Ryan Borucki knows the major leagues is the place to be, having logged over 4.5 years of service time at baseball’s highest level.
However, the Pittsburgh Pirates left-handed reliever had to fight his way back to the big-league level this year. He failed to make the Cubs’ opening-day roster in spring training, pitched in eight games with Triple-A Iowa then was released by Chicago on May 7 with a 12.00 ERA.
Yet Borucki has had quite the transformation since then.
The Pirates signed the 29-year-old to a minor-league deal two days later and assigned him to Triple-A Indianapolis. Six weeks later, after he did not allow a run in eight games and 8.1 innings with Indy, Borucki made his Pirates’ debut.
Borucki has been one of the more effective relievers in an inconsistent bullpen that has a 4.19 ERA, which is 20th among the 30 major-league teams.
“I feel like I found a good spot here,” Borucki said. “It’s a fun team to be around. I’ve been pitching a lot. Yeah, I can’t complain at all. Things are going well.”
Borucki became a free agent when the Seattle Mariners dropped him from their 40-man roster at the end of last season. He narrowed his choice to signing with either the Cubs or Pirates in early January.
The Pirates were attractive to Borucki because of the relationships he built with current general manager Ben Cherington and manager Derek Shelton during their time in the Toronto Blue Jays’ organization. However, the lure of signing with the Cubs was too strong for Borucki, who grew up rooting for them in Mundelein, Ill., located 35 miles northwest of Chicago.
“I played in Toronto and Seattle and I’m from Chicago so my parents or nobody close to me has ever really seen me play in the big leagues on a consistent basis,” he said. “That was a big factor.”
Borucki, though, gave up 13 runs (12 earned) in nine innings with Iowa. Despite the 12.00 ERA, the Pirates wasted little time in signing the 29-year-old.
“It was really a hard decision last winter,” Borucki said. “I really thought about it a lot before I signed with the Cubs. I’m happy to be here now, though. It’s all worked out really well, signing with the Pirates.”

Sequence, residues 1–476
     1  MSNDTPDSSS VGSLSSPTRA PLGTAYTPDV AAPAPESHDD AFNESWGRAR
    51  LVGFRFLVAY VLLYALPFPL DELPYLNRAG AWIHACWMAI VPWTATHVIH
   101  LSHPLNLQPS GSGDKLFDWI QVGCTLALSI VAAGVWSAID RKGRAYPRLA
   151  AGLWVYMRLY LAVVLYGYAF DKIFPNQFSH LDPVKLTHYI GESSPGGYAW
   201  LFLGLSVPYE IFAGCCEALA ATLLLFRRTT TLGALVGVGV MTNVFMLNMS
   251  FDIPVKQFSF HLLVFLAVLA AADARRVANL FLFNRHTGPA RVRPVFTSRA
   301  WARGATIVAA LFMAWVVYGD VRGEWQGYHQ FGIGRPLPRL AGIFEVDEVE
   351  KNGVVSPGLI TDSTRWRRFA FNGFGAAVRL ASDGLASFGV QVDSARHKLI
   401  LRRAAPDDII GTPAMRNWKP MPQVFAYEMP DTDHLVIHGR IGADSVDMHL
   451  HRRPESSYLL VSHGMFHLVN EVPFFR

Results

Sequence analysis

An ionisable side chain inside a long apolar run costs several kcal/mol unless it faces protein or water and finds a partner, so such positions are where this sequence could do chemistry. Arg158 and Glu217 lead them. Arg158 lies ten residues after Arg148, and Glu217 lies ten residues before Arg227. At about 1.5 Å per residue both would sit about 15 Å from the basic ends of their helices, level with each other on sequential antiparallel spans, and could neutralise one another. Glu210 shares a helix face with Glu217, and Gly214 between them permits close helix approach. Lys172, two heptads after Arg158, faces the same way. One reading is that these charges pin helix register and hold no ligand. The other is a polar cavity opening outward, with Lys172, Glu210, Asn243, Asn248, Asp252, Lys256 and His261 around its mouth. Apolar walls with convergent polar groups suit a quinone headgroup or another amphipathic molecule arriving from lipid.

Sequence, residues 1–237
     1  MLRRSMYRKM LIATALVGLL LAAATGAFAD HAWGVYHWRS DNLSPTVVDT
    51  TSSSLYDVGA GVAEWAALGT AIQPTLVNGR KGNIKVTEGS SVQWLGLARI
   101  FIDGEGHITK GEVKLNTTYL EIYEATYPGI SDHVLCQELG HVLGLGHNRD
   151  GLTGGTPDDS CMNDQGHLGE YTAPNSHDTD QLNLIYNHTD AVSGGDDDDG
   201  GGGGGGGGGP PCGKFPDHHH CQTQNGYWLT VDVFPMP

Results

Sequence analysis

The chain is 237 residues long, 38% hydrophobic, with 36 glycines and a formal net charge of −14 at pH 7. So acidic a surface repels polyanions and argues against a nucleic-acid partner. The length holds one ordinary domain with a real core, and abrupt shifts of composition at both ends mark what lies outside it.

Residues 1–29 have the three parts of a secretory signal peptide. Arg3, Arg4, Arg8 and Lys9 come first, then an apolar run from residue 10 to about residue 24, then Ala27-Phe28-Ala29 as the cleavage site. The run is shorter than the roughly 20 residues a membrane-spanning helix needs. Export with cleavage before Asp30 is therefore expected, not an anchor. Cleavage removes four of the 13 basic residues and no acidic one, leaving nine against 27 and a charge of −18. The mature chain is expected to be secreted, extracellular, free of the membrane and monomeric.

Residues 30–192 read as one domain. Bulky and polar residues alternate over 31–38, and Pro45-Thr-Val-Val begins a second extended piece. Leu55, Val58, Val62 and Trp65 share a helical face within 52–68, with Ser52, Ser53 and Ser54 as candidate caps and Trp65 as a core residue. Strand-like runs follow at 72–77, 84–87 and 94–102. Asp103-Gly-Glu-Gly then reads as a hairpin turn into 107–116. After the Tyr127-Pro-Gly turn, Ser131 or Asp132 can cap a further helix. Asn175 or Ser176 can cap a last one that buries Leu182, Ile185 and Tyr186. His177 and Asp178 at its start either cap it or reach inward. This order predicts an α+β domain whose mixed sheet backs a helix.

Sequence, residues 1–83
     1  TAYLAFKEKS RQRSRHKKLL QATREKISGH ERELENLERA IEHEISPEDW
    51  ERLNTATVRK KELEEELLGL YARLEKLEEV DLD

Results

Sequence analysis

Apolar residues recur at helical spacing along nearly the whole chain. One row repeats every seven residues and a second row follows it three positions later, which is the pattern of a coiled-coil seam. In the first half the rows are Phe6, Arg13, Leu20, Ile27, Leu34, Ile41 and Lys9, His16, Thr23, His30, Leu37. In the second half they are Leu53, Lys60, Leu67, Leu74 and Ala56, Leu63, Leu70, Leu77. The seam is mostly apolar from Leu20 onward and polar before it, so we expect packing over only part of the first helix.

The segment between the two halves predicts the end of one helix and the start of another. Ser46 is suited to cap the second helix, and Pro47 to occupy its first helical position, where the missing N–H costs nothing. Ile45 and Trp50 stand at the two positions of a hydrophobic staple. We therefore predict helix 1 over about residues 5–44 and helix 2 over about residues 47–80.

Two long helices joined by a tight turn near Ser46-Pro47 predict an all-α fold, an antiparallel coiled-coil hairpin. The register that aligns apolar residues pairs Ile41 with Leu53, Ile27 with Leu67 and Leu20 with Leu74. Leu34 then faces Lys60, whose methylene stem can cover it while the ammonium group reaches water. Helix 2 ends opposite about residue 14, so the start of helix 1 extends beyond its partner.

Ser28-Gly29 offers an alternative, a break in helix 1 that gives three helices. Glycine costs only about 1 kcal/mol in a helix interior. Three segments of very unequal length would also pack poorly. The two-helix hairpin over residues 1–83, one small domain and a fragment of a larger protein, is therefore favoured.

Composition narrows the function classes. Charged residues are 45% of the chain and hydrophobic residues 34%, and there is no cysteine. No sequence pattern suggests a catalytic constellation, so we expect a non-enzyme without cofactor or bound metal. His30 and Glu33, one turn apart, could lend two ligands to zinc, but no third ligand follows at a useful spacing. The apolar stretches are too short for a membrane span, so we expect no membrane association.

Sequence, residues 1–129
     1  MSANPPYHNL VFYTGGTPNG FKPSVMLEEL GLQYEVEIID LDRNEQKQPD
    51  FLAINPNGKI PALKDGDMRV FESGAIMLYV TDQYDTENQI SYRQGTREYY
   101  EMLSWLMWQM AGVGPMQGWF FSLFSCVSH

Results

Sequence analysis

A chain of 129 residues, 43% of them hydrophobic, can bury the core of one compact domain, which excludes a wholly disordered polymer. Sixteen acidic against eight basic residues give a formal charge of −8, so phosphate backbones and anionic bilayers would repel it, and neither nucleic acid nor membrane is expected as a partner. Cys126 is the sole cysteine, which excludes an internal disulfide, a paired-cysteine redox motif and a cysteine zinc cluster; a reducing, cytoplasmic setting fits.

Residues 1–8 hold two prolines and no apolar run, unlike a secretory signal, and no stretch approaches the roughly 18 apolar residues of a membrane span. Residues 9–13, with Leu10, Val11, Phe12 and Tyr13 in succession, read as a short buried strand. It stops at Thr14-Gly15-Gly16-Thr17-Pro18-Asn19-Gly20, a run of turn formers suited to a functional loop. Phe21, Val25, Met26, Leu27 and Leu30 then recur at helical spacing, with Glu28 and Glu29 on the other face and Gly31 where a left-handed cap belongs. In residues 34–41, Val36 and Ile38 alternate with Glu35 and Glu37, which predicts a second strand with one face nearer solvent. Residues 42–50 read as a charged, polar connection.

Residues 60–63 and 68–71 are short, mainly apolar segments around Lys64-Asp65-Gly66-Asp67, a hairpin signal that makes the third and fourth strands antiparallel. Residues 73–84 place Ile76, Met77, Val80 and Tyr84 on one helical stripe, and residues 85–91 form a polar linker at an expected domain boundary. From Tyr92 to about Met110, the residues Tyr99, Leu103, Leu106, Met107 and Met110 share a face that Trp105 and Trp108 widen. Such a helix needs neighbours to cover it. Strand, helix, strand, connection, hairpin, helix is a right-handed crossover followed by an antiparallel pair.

Borucki has pitched 21 times for the Pirates, including once as an opener in a bullpen game. The Pirates felt Borucki could be successful if he threw his slider more often and he has used the pitch 56.6% of the time since being called up from Indianapolis.
Though Borucki has hit a rough patch lately, giving up four runs over four innings in his last three appearances, he has a 1-0 record, a 3.86 ERA and 22 strikeouts in 23.1 innings. However, what stands out the most is that Borucki has issued just three walks.
“I think the No. 1 factor is just throwing a lot more strikes than I have the last couple of years,” Borucki said. “I’ve struggled with some control stuff but there were some mechanical things that I was trying to figure out and couldn’t figure out. Once I finally figured it out, it clicked, and I started filling up the zone more and everything just kind of fell into place for me.”
Borucki made his major-league debut with the Blue Jays in 2018 and spent all or parts of five seasons in the big leagues with them before being traded to the Mariners last June. Now that he has gotten back to the majors, Borucki knows the primary task now is staying there.
“Everything has clicked and hopefully I’ll continue the success I’ve had this season, carry it into the offseason and see what happens next season,” Borucki said.
Six more weeks remain in this season, but the left-hander has certainly given the Pirates something to think about for 2024.